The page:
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Question #1: Severity of AVS Question #2: Oral thrush and swollen lymph nodes
Apr 15, 1997

Hi Rick. Have any studies explored the relationship between the severity of AVS and time to seroconversion? I would think a more severe acute illness may trigger antibody production more quickly. How about severity of AVS and time to symptomatic stage? Is AVS caused by the body's efforts in defending itself or from a rapidly declining T-cell count? Thanks

Rick, Let me start off by saying that you provide an invaluable service to many folks and are doing a fantastic job at answering the questions to the best of your knowledge. I guess I have a couple of questions that do not seem to be all that clear to me. They all have to do with the period shortly after infection. First of all, how can you distinguish oral thrush? Secondly, how do you distinguish if your lymph nodes are swollen enough for concern? I know that it would be systematic, but which glands are affected the most and to what extent? Will they be painful, irritated and swollen? How long does it last and can it go unnoticed? Lastly, is there a percentage you can put on a six week test. I keep reading that the average is 25 days and the usual is three mon ths. What percent convert between this time frame. Any help clarifying these issues would be greatly appreciated.

Response from Mr. Sowadsky

Hi. Thank you for your questions.

Acute Viral Syndrome, Seroconversion, and the onset of chronic HIV/AIDS symptoms are 3 different time points in HIV infection. One is not dependant on the others. For example, the severity of Acute Viral Syndrome is not directly linked to the time of seroconversion and the time on onset of chronic symptoms. Each is highly variable from person to person. Having a severe case of Acute Viral Syndrome does not necessarily mean the person will seroconvert any sooner, nor does it mean they will come down with AIDS any faster than other people. Acute Viral Syndrome is a general response of the body against HIV. In fact, Acute Viral Syndrome is not unique to HIV/AIDS. This syndrome can also occur in other illnesses as well. For example, in persons recently infected with the Herpes Simplex virus, they can have this syndrome during their first outbreak of the infection. Acute Viral Syndrome is therefore a general response of the body when fighting against many types of recent infections (not just HIV).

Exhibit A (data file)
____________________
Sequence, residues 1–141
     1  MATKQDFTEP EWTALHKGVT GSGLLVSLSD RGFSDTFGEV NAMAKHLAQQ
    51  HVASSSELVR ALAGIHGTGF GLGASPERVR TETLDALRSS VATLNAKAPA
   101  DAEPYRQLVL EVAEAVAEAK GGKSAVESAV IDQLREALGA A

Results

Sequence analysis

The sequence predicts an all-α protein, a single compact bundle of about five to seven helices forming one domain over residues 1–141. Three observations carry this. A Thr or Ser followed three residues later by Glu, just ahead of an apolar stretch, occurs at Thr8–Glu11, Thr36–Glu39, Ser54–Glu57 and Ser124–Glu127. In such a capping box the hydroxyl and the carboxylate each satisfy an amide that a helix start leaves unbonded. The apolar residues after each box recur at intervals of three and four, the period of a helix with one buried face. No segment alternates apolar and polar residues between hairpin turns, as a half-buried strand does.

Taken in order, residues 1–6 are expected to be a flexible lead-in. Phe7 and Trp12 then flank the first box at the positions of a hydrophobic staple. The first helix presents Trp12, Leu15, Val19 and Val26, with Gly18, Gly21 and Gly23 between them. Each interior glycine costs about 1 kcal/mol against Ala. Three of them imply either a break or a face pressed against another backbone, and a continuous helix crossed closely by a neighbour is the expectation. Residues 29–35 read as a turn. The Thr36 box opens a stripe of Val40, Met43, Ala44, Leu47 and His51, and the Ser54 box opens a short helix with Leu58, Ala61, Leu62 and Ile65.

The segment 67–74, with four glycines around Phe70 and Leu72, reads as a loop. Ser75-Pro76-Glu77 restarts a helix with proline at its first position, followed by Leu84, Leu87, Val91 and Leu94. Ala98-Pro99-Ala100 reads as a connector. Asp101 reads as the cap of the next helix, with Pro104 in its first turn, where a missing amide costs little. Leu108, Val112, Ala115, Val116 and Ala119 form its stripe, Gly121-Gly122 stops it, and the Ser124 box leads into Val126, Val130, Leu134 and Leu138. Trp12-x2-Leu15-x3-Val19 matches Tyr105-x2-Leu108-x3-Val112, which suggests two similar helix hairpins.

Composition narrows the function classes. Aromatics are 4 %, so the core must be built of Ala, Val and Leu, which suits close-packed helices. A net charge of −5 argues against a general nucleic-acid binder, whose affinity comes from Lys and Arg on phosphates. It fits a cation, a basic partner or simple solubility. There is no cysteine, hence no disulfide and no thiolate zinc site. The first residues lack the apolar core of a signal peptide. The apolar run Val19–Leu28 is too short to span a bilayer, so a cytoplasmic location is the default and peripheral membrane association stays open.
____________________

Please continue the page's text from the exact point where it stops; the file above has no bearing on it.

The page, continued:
Thrush is not a symptom of Acute Viral Syndrome. It is normally found when the chronic HIV/AIDS stage begins (which is an average of 10 years after infection). It would appear when damage to the immune system begins. Thrush appears as a thick, whitish, cheesy coating in the mouth (especially the tongue) that can be scrapped off. It is NOT just having a whitish tongue! It is a distinct thick coating in the mouth. Only a doctor or a dentist can diagnose thrush. Since thrush can be caused by causes other than AIDS, having thrush by itself does not indicate HIV infection. But we do recommend HIV testing in a person with thrush, just to rule of HIV/AIDS as a cause.

If a persons lymph nodes are larger than usual, especially if they are tender to the touch, or if they remain enlarged for longer than 1 to 2 weeks, please see your doctor. Your doctor can tell you if your lymph nodes are abnormally large or not, and can show you exactly where on your body they are located. Generally speaking, lymph nodes are located in the neck (under the jaw), under the armpits, in the groin, and at other sites around the body. Remember a person with HIV may or may not have swollen lymph nodes. If they are enlarged (in persons with HIV/AIDS), they are usually enlarged at several areas around the body. Enlarged or tender lymph nodes do NOT indicate HIV infection, in of themselves. MANY other medical conditions cause this exact same symptom. Please do not diagnose yourselves on what you believe are swollen lymph nodes! See your doctor if you think anything is abnormal.

The posting, "A MESSAGE FROM RICK SOWADSKY ABOUT SYMPTOM QUESTIONS" discusses the time points of when symptoms begin, and more about what these symptoms are. Further information regarding the time points of seroconversion can be found in numerous questions in the HIV testing section (in the previous questions area), and in the question, "Realistically ??" If you have any further questions, please feel free to call the Centers for Disease Control at 1.800.232.4636 (Nationwide).



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